The past 50 or so years have seen an enormous increase in our knowledge of what lives in the hidden world beneath our seas. Scuba diving in particular, including work by the statutory nature-conservation bodies and by volunteer divers through the Seasearch programme, has revealed the character of seabed marine life in our shallow seas.

Bluefin tuna off Britain and Ireland: return of the giant tunny?

Atlantic Bluefin Tuna have occurred sporadically in British waters over the past century, but have recently been recorded in high numbers in areas where they had been absent for many years. Tom Horton, Lucy Hawkes and Matthew Witt provide an account of the history of bluefin tuna fisheries and describe the current status of these

Sea change

Ten years after protected marine areas for cetaceans were first designated, what have we learnt, and what should we put into practice for the future? Legislation and resulting protection of the marine environment have advanced exponentially in the last five years. It has often been said that these remain decades behind terrestrial measures, but, with

Are Eels a declining food source for Otters in Scotland?

In the UK in recent decades, the native Eurasian Otter Lutra lutra population has gone through considerable changes. From the severe declines in the 1960s to a recent recovery (Kruuk 2006), it appears that its status can be considered one of the successes of the British conservation movement. Recently, however, new information has come to light which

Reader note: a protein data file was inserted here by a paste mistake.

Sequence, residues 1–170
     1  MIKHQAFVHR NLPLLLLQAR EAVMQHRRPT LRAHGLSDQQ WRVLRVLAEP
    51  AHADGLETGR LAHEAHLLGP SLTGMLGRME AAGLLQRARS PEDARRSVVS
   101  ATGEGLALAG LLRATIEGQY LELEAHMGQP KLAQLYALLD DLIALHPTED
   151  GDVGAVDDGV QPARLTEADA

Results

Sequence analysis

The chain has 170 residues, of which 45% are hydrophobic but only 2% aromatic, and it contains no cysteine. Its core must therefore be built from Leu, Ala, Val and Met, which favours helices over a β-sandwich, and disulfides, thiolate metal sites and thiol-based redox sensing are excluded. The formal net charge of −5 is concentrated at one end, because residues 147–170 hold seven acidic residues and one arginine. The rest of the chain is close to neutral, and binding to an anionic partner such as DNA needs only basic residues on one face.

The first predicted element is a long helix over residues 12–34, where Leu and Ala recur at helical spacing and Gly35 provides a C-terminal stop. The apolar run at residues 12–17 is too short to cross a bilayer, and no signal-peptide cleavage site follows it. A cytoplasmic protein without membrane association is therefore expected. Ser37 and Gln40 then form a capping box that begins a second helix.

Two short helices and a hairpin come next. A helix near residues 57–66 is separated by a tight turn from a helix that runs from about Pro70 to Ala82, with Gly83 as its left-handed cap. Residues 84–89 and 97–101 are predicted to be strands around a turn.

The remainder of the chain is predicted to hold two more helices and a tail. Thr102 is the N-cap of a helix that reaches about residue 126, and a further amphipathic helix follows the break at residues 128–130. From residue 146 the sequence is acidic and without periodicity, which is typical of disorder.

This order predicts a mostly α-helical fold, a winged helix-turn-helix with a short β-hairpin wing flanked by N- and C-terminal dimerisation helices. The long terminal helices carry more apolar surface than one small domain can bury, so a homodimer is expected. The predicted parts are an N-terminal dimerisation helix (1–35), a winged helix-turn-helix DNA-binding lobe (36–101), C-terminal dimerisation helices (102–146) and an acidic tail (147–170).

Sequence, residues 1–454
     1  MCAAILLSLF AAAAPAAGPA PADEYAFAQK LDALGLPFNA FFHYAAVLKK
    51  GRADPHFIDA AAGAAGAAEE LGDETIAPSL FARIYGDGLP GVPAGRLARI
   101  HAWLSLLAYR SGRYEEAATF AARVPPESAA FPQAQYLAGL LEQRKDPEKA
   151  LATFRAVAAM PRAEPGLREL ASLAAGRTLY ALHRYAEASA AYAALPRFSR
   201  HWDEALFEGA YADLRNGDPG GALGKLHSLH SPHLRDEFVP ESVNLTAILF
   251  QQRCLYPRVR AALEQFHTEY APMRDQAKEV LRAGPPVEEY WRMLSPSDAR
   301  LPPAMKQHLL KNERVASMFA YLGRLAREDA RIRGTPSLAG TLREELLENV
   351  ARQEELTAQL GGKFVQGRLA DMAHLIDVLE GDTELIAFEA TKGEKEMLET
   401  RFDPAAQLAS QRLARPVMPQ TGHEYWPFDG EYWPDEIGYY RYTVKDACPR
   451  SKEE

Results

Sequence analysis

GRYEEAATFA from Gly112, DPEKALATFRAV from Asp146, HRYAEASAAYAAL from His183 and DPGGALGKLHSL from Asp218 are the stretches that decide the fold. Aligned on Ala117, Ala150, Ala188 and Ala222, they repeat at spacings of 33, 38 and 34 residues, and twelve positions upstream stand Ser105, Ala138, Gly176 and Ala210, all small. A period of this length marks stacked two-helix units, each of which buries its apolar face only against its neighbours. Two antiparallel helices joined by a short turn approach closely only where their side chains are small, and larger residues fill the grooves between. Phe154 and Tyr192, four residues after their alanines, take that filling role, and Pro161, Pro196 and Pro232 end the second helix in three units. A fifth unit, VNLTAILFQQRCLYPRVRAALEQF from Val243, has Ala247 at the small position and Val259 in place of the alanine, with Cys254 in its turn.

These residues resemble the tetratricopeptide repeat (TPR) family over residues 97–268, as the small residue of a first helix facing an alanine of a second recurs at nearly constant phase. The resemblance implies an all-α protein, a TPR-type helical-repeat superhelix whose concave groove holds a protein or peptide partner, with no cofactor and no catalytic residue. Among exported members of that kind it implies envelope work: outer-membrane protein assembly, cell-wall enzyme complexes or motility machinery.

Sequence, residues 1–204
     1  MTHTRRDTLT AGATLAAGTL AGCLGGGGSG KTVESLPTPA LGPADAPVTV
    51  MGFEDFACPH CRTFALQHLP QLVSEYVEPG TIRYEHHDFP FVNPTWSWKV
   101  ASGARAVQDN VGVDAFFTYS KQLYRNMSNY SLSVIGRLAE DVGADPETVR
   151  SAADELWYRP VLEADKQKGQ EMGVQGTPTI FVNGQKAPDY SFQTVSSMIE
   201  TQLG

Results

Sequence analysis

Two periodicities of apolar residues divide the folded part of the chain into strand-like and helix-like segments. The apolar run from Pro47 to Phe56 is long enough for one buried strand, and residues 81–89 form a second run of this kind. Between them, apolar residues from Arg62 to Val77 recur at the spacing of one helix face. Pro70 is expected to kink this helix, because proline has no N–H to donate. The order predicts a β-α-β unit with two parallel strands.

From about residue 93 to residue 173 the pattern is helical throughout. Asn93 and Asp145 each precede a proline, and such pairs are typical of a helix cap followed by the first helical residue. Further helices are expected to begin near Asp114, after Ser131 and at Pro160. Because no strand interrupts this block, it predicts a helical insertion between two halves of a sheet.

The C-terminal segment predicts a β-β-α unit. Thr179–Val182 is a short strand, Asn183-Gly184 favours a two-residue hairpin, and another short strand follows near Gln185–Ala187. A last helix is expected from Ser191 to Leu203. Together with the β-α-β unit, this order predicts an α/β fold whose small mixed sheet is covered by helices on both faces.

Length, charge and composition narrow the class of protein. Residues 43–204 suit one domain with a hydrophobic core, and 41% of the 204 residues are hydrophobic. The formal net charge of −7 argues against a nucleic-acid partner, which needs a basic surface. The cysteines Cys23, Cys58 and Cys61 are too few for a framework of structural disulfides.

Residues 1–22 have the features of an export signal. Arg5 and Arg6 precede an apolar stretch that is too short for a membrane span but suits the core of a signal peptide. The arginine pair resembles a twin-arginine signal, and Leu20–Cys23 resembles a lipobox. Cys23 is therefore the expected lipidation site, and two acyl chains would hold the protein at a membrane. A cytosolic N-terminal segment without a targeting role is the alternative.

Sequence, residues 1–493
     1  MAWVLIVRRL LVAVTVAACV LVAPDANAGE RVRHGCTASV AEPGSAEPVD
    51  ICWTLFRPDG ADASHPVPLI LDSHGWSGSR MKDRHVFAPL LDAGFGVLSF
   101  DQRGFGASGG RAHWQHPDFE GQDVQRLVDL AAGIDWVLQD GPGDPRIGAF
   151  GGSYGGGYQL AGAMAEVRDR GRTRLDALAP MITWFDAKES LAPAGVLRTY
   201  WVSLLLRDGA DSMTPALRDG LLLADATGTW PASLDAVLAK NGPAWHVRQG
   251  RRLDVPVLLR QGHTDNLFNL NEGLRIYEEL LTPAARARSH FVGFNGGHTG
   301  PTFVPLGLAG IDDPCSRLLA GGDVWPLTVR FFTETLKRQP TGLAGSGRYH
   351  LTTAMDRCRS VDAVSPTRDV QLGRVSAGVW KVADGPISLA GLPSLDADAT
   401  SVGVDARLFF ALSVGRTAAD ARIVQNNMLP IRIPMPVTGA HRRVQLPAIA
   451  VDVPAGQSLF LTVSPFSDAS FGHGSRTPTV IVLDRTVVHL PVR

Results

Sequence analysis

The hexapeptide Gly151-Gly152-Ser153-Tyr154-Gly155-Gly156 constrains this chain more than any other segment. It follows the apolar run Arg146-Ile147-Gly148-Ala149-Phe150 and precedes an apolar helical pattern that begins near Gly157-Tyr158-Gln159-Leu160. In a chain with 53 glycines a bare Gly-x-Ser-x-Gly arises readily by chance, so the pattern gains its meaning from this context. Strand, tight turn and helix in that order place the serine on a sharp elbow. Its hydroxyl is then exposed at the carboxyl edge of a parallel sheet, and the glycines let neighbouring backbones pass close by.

The Native Oyster: Britain’s forgotten treasure

Aside from the odd oyster shell scattered here and there along the Essex coast, there are few signs of the many succulent treasures tucked safely below the waves. Yet these muddy estuaries and sheltered shores are the ideal location for the Native Oyster Ostrea edulis, and historically this bivalve mollusc was a dominant feature of the

Sea-level rise: implications for people and wildlife

Much of our coastline has been modified by man. Sea walls hold back the tides, rock armour counters coastal erosion, groynes arrest sediments transport, and navigation channels provide access for bigger ships.

An undercurrent of change for Norfolk’s seals

The UK is of international importance for its two breeding seal species, the Harbour Seal Phoca vitulina (formerly Common Seal) and Grey Seal Haliochoerus grypus, supporting 33% and 45% of their respective EU populations (SCOS 2007). 

Solitary-sociable dolphins in the UK

In 2006, there were at least four 'solitary-sociable' dolphins in the UK and two others nearby on the adjacent French coasts. These animals presented very significant challenges for those attempting to manage their welfare, and by the end of 2006 two of them had been killed, almost certainly as a result of their unusual behaviour; in

Life in marine meadows: the communities of eelgrass beds

One of the most mesmerising sights in the seas around Britain is the luxuriant green of a thriving eelgrass meadow. Eelgrass grows in very shallow water, so the beauty is visible not only SCUBA divers, but to snorkellers and swimmers, too.